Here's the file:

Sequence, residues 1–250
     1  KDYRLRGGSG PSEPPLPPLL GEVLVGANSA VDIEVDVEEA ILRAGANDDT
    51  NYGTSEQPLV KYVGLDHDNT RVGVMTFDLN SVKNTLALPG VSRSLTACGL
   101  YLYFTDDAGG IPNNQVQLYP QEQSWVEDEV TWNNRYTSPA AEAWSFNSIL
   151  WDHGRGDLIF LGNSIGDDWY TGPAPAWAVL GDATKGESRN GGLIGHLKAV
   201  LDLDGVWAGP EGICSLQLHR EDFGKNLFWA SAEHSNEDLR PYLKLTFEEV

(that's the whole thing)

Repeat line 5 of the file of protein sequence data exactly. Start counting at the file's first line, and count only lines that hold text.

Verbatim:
   151  WDHGRGDLIF LGNSIGDDWY TGPAPAWAVL GDATKGESRN GGLIGHLKAV